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Welcome to “Another Movie Guy?”! I review recent new releases, and then mention similar movies worth checking out. If all goes according to plan, you’ll have some new additions to your Netflix queue. Or someone with whom you can angrily disagree.

Memory is an organic thing – it can fill gaps or completely block out trauma. Two people can have full opportunity to observe the same event, and yet recall it in an entirely different ways. The fluid qualities of memory are at the center of Waltz with Bashir, the new documentary about the 1982 Sabra and Shatila massacre. With his unusual format and stunning visuals, writer/director Ari Folman tells his story in an oblique way. You would think that an animated documentary is a contradiction in terms, but as the story unfolds, Folman justifies his format and provides considerable insight into his subject.

Folman has a late-night drink with a friend, who talks of his ongoing nightmare. Twenty-six dogs chase the friend, demanding vengeance. It turns out that in the Lebanese war, the friend could not kill a man. The squad made the friend kill exactly 26 dogs (their barks warned the sleeping enemy). Upon hearing the nightmare, Folman has a startling dream about the 1982 massacre – one that never occurred before. Folman is shaken by the vision. He talks with fellow soldiers, journalists, and psychologists. The movie chronicles Folman’s attempt to understand how such a brutal episode escaped from memory, and why the vision, dormant for years, was jump-started by a friend’s dream.  Along the way, he manages to vaguely construct the massacre, and get accounts from other soldiers who have similarly subjective memories.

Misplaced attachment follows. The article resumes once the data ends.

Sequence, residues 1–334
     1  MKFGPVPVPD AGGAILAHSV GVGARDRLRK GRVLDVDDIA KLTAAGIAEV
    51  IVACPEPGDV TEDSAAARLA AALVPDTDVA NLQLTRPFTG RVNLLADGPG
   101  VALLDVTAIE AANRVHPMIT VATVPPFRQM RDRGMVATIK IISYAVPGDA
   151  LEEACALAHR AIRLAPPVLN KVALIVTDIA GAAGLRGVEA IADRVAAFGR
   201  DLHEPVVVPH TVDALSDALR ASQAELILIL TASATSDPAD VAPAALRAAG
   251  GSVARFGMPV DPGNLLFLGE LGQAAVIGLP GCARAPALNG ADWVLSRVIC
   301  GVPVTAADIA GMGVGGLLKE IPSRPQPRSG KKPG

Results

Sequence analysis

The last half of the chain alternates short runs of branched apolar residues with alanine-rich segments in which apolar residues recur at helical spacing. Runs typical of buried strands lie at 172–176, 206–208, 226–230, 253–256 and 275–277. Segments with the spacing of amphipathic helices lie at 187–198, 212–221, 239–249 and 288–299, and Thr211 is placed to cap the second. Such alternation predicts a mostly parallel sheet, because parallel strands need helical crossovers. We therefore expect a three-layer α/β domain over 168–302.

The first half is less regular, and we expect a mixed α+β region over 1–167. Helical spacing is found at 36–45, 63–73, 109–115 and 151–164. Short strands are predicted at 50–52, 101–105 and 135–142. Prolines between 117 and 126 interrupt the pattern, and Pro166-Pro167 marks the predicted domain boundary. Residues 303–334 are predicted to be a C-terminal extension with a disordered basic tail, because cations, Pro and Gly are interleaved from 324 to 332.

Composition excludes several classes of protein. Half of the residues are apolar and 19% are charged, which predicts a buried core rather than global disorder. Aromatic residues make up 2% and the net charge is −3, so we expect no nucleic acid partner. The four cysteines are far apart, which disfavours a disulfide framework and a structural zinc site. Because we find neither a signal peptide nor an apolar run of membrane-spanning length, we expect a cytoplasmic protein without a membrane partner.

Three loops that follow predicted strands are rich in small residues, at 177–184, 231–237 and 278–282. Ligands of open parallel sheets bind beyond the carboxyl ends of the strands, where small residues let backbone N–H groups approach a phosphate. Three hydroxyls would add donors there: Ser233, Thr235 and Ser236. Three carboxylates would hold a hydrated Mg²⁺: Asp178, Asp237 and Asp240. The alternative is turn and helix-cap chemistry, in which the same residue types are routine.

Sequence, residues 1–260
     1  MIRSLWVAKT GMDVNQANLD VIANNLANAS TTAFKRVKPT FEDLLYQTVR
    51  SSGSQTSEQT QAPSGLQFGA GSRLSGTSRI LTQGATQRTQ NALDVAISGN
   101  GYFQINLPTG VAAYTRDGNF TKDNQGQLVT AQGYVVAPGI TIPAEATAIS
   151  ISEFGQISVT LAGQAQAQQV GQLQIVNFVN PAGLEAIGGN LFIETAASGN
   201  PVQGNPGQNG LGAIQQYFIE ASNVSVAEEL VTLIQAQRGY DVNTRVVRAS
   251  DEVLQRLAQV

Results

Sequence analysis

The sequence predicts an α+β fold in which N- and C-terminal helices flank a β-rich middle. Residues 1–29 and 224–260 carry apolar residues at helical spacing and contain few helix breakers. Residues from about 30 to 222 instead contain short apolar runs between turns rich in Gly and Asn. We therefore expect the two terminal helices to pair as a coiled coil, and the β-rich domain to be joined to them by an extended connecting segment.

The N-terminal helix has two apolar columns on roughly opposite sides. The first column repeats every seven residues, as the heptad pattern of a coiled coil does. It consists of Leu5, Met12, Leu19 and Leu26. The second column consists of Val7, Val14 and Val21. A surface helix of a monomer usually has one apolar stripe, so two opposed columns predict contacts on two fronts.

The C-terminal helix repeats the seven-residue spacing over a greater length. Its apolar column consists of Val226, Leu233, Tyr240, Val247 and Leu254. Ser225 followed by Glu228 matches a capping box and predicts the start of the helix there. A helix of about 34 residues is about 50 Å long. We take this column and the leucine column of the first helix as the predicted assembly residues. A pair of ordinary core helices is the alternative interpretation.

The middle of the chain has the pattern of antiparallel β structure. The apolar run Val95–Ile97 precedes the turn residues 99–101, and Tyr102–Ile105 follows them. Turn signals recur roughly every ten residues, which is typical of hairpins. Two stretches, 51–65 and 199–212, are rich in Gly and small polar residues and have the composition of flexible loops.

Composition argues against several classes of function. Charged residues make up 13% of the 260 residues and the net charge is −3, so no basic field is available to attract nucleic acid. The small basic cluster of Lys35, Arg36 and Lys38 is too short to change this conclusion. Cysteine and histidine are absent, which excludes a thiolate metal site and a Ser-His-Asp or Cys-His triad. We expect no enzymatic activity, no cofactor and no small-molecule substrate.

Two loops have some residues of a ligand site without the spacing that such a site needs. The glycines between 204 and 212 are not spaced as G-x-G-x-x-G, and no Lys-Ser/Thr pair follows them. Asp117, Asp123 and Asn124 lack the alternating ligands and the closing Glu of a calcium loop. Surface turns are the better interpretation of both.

Watching the movie, it occurred that an animated documentary is the only way to tell this story. When a soldier hallucinates, for example, the imagery is so bizarre that the objective syntax of traditional documentaries does not apply. Some images, particularly those that involve wounded animals, are simply too harrowing for realism – such horrors merit a stylized vision. This is not to say that movie is totally dreary. The dog sequence has energy that would feel at home in an action movie. There are even scenes of levity, as when Folman juxtaposes war with 80s rock. Even the horrific scenes have an odd beauty – the muted yellows of Folman’s vision are particularly striking. The movie’s style is well-matched by its substance. Interviewees speak in a confiding, matter-of-fact tone. They do not add flourishes to their stories. Folman does that for them. Everything eventually converges upon the movie’s final moments, which are both devastating and poignant.

I’ve recently had issues with subjective memory. It may be an apple-and-oranges comparison, but as a recent juror on a first degree murder trial, I was confronted with unreliable witnesses. I was forced to question the accuracy of supposedly truthful men. Without such an experience, I would not empathize with the subjective memory that both Folman and others experience. As a psychological study, Waltz with Bashir is fascinating. As a study of the Lebanese war, it is important.  I doubt you’ll find another documentary so electric and moving.

Here are other humanizing stories about the modern Middle East conflict: